TALLAHASSEE, Fla. – On Cyber Monday, the internet’s rival to Black Friday, and across the state, millions are shopping online, many of them tax-free.
But in 2020, state lawmakers will again tackle the issue of trying to collect a sales tax that is already owed.
In the state capital, one in every five commercial buildings is empty. While every vacant building has its own unique story, Scott Shalley, president of the Florida Retail Federation, said online sales are hurting local businesses in Tallahassee and everywhere else in Florida.
“Creates a pricing differential, and also puts the consumer in a bad spot. The consumer has a very complex situation in terms of paying the tax,” Shalley said.
In 2018, the U.S. Supreme Court allowed states to start collecting sales taxes from out of state vendors with no physical presence in the state except for their online presence, but Florida is one of two states that have yet to start collecting. That will cost the state about $140 million, or about $4.5 million a day, this holiday season.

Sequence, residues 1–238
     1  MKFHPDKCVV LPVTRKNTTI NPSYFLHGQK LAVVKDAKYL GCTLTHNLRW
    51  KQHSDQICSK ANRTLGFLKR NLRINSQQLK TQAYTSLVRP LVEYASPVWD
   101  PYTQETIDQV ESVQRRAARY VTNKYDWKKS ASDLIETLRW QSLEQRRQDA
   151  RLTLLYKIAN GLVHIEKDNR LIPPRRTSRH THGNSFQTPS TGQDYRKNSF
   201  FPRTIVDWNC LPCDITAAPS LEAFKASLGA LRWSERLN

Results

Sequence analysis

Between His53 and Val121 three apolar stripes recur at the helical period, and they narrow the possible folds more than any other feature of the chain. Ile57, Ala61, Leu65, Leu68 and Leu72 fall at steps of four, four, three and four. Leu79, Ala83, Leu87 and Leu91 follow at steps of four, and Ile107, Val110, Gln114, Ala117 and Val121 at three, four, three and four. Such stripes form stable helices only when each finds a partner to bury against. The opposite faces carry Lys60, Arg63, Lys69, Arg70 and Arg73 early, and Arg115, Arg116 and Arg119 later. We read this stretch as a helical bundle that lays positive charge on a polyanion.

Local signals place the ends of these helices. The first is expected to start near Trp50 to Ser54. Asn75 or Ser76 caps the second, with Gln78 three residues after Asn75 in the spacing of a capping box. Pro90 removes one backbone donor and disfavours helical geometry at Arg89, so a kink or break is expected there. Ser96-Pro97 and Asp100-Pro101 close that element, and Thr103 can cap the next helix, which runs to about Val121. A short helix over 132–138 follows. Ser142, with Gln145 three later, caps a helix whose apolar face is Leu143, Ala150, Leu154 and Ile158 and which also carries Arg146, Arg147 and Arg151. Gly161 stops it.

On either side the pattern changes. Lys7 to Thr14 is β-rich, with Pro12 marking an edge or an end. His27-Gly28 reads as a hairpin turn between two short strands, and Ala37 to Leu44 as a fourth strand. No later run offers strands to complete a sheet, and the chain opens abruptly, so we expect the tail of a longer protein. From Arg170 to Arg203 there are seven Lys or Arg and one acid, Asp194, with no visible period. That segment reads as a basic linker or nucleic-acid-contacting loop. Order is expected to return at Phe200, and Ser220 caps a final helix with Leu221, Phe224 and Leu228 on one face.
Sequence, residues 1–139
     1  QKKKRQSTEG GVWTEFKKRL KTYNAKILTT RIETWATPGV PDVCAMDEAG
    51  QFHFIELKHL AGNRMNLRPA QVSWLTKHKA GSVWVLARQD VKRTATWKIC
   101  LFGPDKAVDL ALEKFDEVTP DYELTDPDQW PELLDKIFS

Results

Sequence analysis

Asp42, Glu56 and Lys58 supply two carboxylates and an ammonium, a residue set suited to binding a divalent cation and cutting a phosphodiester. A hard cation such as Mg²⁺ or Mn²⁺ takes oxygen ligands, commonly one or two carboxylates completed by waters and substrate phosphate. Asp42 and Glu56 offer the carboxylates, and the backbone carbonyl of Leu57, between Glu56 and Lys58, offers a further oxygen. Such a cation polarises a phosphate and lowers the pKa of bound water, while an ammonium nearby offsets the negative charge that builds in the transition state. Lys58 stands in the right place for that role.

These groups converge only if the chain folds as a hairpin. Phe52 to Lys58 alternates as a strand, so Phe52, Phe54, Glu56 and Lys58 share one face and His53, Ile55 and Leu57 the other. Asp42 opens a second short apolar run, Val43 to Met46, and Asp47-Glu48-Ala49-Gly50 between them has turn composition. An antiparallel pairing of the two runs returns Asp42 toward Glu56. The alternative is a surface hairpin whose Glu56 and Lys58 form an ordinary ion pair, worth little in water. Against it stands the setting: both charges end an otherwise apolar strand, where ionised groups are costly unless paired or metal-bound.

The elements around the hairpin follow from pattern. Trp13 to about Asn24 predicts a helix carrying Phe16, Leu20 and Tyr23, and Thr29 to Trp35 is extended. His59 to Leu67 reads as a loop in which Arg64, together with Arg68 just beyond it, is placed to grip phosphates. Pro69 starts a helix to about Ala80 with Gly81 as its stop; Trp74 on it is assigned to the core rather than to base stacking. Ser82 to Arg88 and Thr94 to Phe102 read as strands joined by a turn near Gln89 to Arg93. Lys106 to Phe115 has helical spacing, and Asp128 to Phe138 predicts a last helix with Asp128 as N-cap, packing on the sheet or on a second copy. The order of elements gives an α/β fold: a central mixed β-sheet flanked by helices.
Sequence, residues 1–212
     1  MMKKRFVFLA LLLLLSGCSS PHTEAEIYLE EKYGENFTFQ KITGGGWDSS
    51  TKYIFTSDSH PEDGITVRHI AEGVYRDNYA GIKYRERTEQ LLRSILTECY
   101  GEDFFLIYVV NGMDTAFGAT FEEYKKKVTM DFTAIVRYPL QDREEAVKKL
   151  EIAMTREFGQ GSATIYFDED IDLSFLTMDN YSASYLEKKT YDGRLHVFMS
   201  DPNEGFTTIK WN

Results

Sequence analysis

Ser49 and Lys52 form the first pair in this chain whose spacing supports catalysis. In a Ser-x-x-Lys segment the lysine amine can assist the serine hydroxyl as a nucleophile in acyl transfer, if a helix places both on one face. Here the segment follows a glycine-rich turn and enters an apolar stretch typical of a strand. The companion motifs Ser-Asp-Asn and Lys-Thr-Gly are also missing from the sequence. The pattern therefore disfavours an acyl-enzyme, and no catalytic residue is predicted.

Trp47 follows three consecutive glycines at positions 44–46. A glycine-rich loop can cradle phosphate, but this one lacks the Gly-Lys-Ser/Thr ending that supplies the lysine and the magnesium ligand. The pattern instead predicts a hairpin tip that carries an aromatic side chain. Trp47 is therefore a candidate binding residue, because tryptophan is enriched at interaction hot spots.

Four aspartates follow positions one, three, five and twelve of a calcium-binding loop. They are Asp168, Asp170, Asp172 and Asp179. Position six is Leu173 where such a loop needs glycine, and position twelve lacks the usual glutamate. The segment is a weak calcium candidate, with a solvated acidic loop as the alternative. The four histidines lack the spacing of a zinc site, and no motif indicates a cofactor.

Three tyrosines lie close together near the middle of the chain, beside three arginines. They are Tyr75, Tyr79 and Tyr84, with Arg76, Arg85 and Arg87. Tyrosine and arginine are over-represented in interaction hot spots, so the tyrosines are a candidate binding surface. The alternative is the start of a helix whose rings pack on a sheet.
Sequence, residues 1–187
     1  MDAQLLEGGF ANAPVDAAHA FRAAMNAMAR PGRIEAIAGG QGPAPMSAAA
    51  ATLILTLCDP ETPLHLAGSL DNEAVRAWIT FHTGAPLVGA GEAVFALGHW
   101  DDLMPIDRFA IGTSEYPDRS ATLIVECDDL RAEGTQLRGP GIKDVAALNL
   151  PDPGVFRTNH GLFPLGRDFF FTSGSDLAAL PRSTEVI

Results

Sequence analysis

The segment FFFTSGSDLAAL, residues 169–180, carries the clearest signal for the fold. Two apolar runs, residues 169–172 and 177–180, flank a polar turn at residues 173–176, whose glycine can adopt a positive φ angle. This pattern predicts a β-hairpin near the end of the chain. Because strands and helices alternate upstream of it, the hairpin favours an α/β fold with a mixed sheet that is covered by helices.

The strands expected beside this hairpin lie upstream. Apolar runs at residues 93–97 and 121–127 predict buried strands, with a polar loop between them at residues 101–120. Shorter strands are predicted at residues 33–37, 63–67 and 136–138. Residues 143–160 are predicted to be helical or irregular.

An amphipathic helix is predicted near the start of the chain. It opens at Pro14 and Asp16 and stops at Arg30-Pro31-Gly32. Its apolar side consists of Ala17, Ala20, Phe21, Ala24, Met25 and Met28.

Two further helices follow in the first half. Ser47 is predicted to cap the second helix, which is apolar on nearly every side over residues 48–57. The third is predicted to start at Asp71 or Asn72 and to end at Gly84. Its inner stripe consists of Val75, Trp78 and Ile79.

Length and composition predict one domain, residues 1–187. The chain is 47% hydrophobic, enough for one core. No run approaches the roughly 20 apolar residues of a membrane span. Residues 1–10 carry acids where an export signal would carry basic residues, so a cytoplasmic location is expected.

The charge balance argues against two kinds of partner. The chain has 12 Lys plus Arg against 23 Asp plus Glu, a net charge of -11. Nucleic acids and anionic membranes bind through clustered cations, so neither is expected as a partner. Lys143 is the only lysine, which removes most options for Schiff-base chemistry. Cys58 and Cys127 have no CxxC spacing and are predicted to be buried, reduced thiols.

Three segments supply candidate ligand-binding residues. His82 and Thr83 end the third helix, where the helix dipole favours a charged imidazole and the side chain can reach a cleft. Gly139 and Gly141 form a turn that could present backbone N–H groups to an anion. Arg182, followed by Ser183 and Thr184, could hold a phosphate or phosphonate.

Legislation to allow the tax stalled last year after a newly elected Gov. Ron DeSantis worried it looked too much like a tax hike. A window into how the governor thinks was opened when he was asked about collecting corporate taxes already owed but not being paid.
“I just don’t want people to have tax increases. I think we are getting investment-driven to Florida, so let’s just hold people harmless,” DeSantis said.
Technically, Floridians are supposed to file a DR15-MO and pay the tax they owe to the Department of Revenue. Few do, and retailer Geof Weldon said he believes it puts him at a 6% disadvantage.
“Online is a huge competition. Online is a very big competition," Weldon said. “They have a lot more power to run a lot of deeper sales and stuff that I really can’t do.”
Not only does the nonpayment put brick and mortar stores at a 6% disadvantage, but it’s also costing the state an estimated $700 million annually.
The internet sales tax legislation has cleared one Senate committee, but it faces a tough road in the House, and perhaps even with the governor.